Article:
Small Caps

Companies with a market capitalization generally ranging from $300 million to $2 billion

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What are Small Caps?

Small caps refer to companies with a market capitalization generally ranging from $300 million to $2 billion. The market capitalization denotes the fair market value of the outstanding shares of any company that trades on a stock exchange. However, a company’s market capitalization will constantly change due to the fluctuations in the share price.

Small Caps

Small caps tend to perform well during the early phase of the economic cycle. Investors seeking higher returns on their investments usually invest in the stocks of small caps.


  • Small caps refer to companies with a market capitalization ranging from $300 million to $2 billion.
  • The stocks of small caps are prone to wide market fluctuations; hence, these are highly risky investments.
  • Small caps can offer high growth opportunities, however they sometimes require additional capital to aid expansion.

Small Caps and Investments

Investors looking to invest in the stocks of small caps should be aware of the following features of the stocks:

1. Volatility

The value of stocks of small caps is greatly influenced by fluctuations in the market, which makes the stocks highly volatile. Hence, small-cap stocks tend to perform well during market uptrends and underperform when the market struggles.

2. Risk

Since the stocks of small caps are prone to market fluctuations, they tend to be affected more during the times when the market is hit – such as during recession – and take time to recover from them. Such market behavior makes the investment in small caps higher risk.

4. Return on investments

The value of shares of small caps are relatively small, but can increase two or threefold quite rapidly. They can potentially become multi-baggers and yield more than 100% returns.

5. Cost of the Investment

In addition to the cost of acquiring the shares of small caps, many funds charge an annual fee – known as the expense ratio – to manage the fund Investors that can find funds that invest in small-cap stocks with the lowest expense ratio tend to generate higher returns.

6. Term of investment

Both short-term and long-term options are available to the investors investing in the shares of small caps. However, it is recommended to invest in small caps for the long term to allow time for those companies to grow and increase in value.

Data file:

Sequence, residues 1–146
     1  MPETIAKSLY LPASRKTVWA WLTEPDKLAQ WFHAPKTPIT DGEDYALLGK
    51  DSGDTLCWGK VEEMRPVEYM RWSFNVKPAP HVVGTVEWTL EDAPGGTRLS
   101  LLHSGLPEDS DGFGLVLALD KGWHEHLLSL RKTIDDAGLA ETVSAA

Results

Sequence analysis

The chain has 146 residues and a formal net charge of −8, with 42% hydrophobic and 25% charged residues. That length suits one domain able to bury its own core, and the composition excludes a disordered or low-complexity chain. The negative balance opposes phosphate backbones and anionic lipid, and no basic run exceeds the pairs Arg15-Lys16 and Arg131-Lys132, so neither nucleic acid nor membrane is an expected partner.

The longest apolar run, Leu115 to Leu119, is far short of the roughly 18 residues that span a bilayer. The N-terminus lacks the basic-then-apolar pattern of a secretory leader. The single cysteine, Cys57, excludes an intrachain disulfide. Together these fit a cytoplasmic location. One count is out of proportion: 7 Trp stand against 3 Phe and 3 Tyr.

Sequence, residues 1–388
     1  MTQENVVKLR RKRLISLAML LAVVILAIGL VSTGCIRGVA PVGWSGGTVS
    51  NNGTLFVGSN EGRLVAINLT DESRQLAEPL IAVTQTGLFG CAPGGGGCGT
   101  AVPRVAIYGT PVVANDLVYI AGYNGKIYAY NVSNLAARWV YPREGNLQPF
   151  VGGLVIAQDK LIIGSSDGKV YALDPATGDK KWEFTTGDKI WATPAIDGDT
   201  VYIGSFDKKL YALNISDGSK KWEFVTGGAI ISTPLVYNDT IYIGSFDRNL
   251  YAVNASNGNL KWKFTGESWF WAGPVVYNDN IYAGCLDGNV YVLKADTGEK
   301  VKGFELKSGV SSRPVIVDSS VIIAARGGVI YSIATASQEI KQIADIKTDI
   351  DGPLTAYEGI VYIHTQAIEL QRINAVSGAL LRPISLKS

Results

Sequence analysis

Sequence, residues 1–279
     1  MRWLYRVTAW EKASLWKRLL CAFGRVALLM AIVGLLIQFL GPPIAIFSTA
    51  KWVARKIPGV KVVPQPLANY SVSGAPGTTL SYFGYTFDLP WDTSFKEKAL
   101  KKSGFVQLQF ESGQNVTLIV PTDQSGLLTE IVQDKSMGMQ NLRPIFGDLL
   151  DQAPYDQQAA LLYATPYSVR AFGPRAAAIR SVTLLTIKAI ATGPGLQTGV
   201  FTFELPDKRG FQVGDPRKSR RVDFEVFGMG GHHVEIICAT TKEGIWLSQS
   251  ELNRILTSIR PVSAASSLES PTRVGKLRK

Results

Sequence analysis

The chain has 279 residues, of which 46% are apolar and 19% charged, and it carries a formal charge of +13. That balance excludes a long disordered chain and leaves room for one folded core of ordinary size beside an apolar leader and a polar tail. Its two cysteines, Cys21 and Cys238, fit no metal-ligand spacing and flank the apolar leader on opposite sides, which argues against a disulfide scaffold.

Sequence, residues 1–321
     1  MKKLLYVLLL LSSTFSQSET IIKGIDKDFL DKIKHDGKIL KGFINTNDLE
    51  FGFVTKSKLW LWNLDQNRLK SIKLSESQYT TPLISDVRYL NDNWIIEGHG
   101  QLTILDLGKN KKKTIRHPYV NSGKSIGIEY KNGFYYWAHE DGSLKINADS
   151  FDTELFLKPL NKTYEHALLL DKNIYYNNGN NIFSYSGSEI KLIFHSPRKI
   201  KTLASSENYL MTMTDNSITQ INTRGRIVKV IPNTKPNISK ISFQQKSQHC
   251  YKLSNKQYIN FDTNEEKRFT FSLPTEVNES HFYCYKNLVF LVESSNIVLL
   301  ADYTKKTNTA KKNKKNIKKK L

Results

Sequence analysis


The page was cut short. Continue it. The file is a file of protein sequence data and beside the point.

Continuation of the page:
7. Taxes

The gains received from investing in small caps are subjected to capital gains tax. If the shares were held for less than a year, the capital gain is taxed at the ordinary income tax rate. However, the long-term capital gain tax is applicable to returns on the investments held for more than a year.

Advantages of Investing in Small Caps

1. Higher growth potential

Historically, small caps have performed better than large caps in terms of growth. Small caps offer higher growth prospects, and may require capital to enhance their growth prospects.

2. Fairly priced shares

Institutional investors try to restrict themselves from buying large blocks of shares issued by small caps; as this reduces the liquidity of the shares Liquidity is essential to providing open trading of a small cap’s stock which is essential to creating fair prices for shares.

3. Quality stocks at low prices

Small caps are sometimes under-rated, and their shares are undervalued due to possible inefficiencies in the market. Hence, with some research and evaluation of the market, investors can benefit by acquiring such quality stocks found at low prices.

Risks Associated with Investing in Small Caps

The shares of small caps are prone to market risks, which can be reduced through portfolio diversification. Small-cap stocks are also less liquid or harder to sell, because there are smaller pools of investors interested in these companies.

Investors need to spend sufficient time to research small-cap stocks as an investment option, and they are more appropriate for investors with greater risk tolerance.

More Resources

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